Susie & Otto

 

Small Things That Make Big Differences In Relationships


Have you ever had a relationship challenge where everything you tried just made it worse?

Or maybe you just didn't feel as close to your loved one as you once did and didn't know where to start?

In times like these, we often think something "big" has to happen for us to get what we want--But not so.

In relationships and in life, the smallest things can make the biggest difference.

The "smallest" things could be specific words and phrases to say to help you and your partner to stay open to one another when it's tough.

Otto's been taking Aikido lessons for the past few months and one lesson he's seeing is just what we've been talking about...

The smallest things can make the biggest difference.

Last night at his Aikido practice, he performed a move with his training partner.

When the sensei (instructor) instructed the training partners to push on the wrists of the other person, Otto discovered that although he thought he was centered, when his partner did this--he wasn't.

Otto was completely off balance.

When Otto made one small adjustment to shift his energy to his core, his training partner was unable to push him off balance.

This is exactly the way it is in relationships.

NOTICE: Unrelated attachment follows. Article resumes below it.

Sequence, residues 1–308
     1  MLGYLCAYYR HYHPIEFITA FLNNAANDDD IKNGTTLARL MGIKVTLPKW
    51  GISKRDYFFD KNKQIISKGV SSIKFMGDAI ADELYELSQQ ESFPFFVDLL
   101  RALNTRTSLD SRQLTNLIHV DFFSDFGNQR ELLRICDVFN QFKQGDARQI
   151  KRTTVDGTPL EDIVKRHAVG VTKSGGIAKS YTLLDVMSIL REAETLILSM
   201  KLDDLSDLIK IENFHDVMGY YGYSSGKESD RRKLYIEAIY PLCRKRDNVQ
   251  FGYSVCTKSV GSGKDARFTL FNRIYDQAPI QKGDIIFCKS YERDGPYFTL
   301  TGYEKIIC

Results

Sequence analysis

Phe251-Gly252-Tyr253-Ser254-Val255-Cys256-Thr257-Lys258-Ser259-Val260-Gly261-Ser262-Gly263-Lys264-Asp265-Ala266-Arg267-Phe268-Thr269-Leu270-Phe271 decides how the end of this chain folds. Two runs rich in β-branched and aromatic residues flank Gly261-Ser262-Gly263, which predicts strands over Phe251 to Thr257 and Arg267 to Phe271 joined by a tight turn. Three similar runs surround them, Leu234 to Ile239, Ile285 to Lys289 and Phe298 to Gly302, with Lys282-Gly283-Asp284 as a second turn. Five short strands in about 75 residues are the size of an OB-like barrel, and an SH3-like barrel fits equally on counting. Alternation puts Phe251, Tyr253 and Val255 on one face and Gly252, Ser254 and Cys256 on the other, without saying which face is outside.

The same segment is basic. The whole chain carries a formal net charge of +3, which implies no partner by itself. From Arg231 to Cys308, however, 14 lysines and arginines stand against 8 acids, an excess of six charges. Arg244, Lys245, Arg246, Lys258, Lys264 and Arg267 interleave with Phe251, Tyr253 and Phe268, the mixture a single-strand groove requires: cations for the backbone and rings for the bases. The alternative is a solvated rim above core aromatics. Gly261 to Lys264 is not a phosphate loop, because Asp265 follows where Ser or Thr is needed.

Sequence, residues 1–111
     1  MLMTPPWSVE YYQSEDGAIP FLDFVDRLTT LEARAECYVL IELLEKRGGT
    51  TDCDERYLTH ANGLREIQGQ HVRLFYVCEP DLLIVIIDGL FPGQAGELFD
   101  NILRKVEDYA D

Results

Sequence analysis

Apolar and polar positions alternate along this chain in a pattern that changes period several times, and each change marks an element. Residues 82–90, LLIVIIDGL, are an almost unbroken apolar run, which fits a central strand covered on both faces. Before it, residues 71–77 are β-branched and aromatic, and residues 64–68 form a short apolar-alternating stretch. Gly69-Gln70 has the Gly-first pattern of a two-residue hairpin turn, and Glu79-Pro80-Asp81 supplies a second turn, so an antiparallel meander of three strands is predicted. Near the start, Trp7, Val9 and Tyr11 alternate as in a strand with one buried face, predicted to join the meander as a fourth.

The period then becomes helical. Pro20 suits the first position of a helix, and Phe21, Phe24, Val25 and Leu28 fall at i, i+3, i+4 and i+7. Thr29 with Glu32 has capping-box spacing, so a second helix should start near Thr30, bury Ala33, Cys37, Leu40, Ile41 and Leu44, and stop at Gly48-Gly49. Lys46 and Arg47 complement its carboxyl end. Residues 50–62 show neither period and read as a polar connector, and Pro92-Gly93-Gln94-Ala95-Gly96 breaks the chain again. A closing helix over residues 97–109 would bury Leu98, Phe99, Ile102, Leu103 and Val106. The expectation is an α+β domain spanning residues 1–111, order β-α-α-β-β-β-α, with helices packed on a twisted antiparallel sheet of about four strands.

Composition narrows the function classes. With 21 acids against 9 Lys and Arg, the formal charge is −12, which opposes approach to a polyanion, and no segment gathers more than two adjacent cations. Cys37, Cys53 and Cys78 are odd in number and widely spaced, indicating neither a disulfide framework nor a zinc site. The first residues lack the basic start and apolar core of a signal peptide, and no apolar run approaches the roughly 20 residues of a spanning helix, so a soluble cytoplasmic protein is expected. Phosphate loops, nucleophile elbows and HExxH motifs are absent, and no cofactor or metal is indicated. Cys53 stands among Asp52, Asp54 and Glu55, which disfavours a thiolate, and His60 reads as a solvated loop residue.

One small adjustment can change the whole dynamic between the two of you.

Okay, so we'll give you a few examples to explain what we mean...

(Caution--Don't dismiss the examples we're about to give you because they are so small, seem like no-brainers, and not very important. They are!)

**Look up at your loved one when he or she comes home and smile. The idea is to interrupt what you're doing for just a moment to acknowledge that he or she is that important to you.

One of the biggest reasons relationships wither and die is that the two people don't feel important to each another any longer.

That one moment of acknowledging the other's presence in a loving way speaks far more than words can express.

It says, "I'm glad to see you and you are important to me."

Imagine that your loved one is coming in the door right now. What do you do?

Do you say "hello" but still stay engrossed in Facebook, the tv or whatever you're doing?

Do you say nothing at all and ignore him or her?

Do you go be with your loved one, look in his or her eyes, smile and let them know you're glad to see them when you come together after being apart?

We invite you to make this one tiny shift and see what happens.

**When your loved one does something that makes you mad or goes against your rules for living, take a step away from the fight and look for when that might be true about you as well.

You may not find anything--but you might.

We know this is a tough one because we struggle with it too. It just seems like it's human nature to want to be right and make someone else wrong, but...

It's also something very small that can take the fight out of a situation so you're both open to finding a mutually satisfying solution to the issue.

Here's a brief example of what we mean...